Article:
Beth tried to make the plant exchange a two-way enterprise but despaired that she was ‘rarely able to take something he did not already possess’, as she explains in a memoir in The Garden magazine, one of the many manuscripts and writings in the archive. However, one exchange in the archive stands out. The house at Benton End was cold in winter and Cedric would often disappear to warmer climes to paint and plant-hunt. On one such trip in 1956, his friend Basil Leng gave him a tiny narcissus he’d spotted on the roadside near Ribalden, in Spain.  This ‘lovely little daffodil’ inevitably ended up in Beth’s garden too, where she grew hundreds of bulbs to sell. In a letter to Cedric, she asked to name it after him. On his 90th birthday, on 11th December 1979, Beth presented him with a bowl of Narcissus Minor Cedric Morris, already in flower before Christmas. Years later, Basil went back to the same verge but the road had been widened and the narcissi destroyed; it only survives in cultivation, thanks to Basil, Cedric and Beth.

Article in Country Life (23 March 2000)

Even in his eighties, Cedric gardened at dawn: in her diary for 21st May, Beth writes that ‘he is getting very old but gardens still. The walled garden is under control even tho’ weedy’.

Cedric Morris in his garden at Benton End, Entry from Beth Chatto’s red diary (21 May 1973)

Cedric died in 1982 at the ripe age of 93. An invitation in the archive from Glyn Morgan, a former pupil at the school, reveals the emotion Beth felt when returning to Benton End to celebrate the unveiling of a plaque:

‘I went, reluctantly at first, but […] we met many old friends. […] It was warming to see these people, but cold and sad inside to find only the husk of Benton End. But in the garden, reduced to overgrown trees and shrubs, with here and there brave cyclamen and tall colchicum, I collected seeds of Cedric’s special umbellifer standing tall and spare, like himself. I thanked him and drove sadly home.’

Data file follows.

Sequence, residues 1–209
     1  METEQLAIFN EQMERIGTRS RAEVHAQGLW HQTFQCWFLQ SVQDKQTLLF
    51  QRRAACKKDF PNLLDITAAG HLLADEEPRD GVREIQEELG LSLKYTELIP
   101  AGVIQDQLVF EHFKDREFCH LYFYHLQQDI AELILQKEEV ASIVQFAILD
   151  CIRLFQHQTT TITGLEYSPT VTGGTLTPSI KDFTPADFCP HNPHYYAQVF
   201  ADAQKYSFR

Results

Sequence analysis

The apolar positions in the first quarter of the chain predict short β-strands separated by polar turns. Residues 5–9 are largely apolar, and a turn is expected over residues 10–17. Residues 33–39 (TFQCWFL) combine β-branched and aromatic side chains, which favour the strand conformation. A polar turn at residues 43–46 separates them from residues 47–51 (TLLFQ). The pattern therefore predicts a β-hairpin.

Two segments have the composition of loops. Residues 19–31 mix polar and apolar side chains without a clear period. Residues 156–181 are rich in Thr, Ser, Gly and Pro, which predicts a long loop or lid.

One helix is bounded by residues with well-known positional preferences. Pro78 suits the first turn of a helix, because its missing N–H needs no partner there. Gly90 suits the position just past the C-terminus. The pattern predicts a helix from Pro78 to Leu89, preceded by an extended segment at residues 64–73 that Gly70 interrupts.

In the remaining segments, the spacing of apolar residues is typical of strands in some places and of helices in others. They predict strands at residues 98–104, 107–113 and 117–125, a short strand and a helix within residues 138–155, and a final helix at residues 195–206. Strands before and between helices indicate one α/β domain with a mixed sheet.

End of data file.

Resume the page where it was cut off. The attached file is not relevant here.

Letter from Glyn Morgan to Beth Chatto (8 August 1990)

Cedric appointed his neighbor Jenny Robinson as his ‘plant executor’ and she entrusted many plants from his collection to Beth, which are still available at her nursery as part of his legacy, such as Papaver orientale ‘Cedric Morris’. In 1997, she wrote that ‘the highest proportion of plants in my present garden […] came from Cedric originally, as seeds, cuttings, scraps, or generous big clumps’ (Chatto, The Garden). We are very proud to be custodians of an archive which records one of the great gardening friendships.

The house was recently acquired by the Pinchbeck Charitable Trust, with whom the Garden Museum is working on a long-term plan to revive Benton End as a centre of art and horticulture. Read more about the project here.


Sources:

Beth Chatto, ‘Beth Chatto,’ The Observer (1988)

Beth Chatto, ‘Sir Cedric Morris, Artist Gardener,’ Hortus (Spring 1987): 14-20

Beth Chatto, Untitled typescript of article for The Garden (c. 1996-1997)

Catherine Horwood, Beth Chatto: A life with plants (London: Pimpernel Press, 2019)

Photograph of Cedric Morris in his garden at Benton End

All images are taken from the Beth Chatto Archive, © The Beth Chatto Estate. Please contact us in the event that you are the owner of the copyright or related rights in any of the material on this website.